Demand for new cars fell by 2.9% last month, figures show with almost 153,600 new cars were registered in October compared with nearly 158,200 during the same month in 2017, the Society of Motor Manufacturers and Traders (SMMT) said.
Registrations are down 7.2% this year compared with the first 10 months of last year.
Sales of petrol models increased by 7.1% last month, while diesels fell by 21.3%.
The SMMT said there has been a shortage of some car brands caused by backlogs at testing centres, amid tougher emissions regulations introduced in the European Union.
There has also been growing concern about the impact of diesel car emissions on air quality and uncertainty about what taxes and restrictions will be introduced on them.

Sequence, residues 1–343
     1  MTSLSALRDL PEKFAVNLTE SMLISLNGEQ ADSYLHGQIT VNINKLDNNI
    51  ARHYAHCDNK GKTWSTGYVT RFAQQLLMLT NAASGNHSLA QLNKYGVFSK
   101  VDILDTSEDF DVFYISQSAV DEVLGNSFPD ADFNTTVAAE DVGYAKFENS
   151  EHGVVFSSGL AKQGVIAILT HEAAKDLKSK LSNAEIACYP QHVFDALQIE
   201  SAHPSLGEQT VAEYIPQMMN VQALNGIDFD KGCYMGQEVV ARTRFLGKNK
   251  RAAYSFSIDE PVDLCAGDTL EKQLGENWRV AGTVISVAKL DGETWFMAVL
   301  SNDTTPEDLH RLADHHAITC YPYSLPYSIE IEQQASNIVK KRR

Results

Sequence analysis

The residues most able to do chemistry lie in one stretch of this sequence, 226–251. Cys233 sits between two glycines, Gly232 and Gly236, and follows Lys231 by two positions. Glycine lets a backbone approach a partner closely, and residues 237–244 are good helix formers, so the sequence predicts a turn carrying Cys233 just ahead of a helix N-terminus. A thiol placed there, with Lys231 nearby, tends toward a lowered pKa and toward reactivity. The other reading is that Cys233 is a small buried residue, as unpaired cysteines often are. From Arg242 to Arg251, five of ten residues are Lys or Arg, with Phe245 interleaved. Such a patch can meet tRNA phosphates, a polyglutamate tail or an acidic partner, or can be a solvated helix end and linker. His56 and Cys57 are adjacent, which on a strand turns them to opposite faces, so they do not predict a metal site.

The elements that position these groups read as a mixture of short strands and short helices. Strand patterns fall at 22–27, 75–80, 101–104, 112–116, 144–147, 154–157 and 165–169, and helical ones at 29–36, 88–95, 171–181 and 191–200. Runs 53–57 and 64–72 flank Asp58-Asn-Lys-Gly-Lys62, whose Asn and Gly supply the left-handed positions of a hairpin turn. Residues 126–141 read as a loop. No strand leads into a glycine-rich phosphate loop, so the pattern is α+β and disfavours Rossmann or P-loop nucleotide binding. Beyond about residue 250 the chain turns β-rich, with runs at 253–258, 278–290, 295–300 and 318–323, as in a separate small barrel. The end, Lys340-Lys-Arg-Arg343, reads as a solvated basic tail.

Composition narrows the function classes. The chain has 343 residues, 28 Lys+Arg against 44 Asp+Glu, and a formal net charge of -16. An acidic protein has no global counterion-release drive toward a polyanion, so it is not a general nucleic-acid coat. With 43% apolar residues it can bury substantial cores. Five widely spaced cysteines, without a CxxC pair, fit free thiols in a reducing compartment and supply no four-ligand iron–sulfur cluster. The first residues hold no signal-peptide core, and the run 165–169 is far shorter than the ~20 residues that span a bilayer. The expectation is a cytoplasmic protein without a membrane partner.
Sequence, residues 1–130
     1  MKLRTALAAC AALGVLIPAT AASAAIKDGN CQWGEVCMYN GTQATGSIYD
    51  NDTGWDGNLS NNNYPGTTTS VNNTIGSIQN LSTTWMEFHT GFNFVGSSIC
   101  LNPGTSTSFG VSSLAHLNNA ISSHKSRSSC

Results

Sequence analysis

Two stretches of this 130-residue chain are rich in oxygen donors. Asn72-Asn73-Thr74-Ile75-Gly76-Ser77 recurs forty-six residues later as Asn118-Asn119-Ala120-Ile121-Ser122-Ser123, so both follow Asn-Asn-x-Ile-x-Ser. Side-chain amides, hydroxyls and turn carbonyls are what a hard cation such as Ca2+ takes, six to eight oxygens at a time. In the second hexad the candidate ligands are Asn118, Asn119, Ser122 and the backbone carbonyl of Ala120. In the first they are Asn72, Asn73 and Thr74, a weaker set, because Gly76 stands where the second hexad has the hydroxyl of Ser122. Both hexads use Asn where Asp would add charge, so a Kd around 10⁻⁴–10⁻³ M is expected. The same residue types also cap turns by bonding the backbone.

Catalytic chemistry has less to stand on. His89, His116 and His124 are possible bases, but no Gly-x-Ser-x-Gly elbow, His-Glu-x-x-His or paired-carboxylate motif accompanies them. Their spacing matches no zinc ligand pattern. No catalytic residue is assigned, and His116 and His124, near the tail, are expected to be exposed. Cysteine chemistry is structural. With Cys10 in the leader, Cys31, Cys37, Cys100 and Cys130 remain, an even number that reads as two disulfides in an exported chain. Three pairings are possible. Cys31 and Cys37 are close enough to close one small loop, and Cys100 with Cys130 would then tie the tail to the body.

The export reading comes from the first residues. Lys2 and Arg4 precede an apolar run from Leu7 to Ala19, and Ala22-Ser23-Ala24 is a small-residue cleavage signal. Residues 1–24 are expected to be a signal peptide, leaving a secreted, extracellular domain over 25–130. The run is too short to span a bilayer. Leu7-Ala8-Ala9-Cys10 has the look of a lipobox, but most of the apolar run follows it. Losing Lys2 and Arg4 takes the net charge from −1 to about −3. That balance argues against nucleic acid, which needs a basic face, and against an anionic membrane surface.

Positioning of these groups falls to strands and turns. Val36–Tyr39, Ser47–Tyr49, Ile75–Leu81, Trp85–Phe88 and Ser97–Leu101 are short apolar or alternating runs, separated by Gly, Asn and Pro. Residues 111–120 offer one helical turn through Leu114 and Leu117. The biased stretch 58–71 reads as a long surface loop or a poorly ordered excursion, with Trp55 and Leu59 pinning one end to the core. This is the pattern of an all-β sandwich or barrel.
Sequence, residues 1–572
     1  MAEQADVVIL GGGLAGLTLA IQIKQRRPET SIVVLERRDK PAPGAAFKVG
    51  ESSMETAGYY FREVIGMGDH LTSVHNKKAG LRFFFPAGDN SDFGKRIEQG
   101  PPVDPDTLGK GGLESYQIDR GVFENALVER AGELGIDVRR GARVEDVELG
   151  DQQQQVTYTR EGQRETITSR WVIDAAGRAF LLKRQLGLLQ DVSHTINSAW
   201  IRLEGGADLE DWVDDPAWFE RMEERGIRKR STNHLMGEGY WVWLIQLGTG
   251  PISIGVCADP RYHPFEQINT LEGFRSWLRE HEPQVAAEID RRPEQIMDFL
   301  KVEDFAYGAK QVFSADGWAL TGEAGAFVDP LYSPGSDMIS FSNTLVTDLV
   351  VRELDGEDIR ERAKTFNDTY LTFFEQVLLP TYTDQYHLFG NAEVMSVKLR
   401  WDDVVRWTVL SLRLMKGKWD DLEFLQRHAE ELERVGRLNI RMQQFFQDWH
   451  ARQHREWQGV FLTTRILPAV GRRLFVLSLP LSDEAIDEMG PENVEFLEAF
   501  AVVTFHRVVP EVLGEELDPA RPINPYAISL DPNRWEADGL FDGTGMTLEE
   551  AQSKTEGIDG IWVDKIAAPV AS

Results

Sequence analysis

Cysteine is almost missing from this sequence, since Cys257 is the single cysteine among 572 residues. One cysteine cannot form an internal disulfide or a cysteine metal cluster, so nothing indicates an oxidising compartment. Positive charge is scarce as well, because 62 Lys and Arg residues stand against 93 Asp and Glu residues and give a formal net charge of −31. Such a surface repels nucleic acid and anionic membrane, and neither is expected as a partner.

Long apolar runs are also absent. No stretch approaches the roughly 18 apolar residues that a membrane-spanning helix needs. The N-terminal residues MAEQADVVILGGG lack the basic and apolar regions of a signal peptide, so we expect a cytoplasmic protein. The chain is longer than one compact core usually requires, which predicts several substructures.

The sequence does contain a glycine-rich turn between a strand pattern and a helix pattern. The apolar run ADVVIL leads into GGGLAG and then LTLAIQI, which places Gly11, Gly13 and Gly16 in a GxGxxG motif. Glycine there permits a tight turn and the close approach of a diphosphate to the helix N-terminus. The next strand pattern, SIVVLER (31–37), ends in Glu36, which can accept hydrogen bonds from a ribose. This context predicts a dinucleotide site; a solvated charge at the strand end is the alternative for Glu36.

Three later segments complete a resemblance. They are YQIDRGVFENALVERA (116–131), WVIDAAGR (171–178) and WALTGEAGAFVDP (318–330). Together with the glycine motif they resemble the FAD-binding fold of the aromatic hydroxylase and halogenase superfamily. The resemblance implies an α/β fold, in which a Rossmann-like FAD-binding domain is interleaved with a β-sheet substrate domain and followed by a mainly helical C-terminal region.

Demand for alternatively fuelled vehicles (AFVs) such as hybrids and pure electrics increased by 30.7% to take a market share of 6.9%.
This was partly boosted by the Government’s announcement on October 11 that grants for AFVs would be slashed.
SMMT chief executive Mike Hawes said: “Vehicle Excise Duty upheaval, regulatory changes and confusion over diesel have all made their mark on the market this year so it’s good to see plug-in registrations buck the trend.
“Demand is still far from the levels needed to offset losses elsewhere, however, and is making Government’s decision to remove purchase incentives even more baffling.
“We’ve always said that world-class ambitions require world-class incentives and, even before the cuts to the grant, those ambitions were challenging.
“We need policies that encourage rather than confuse.”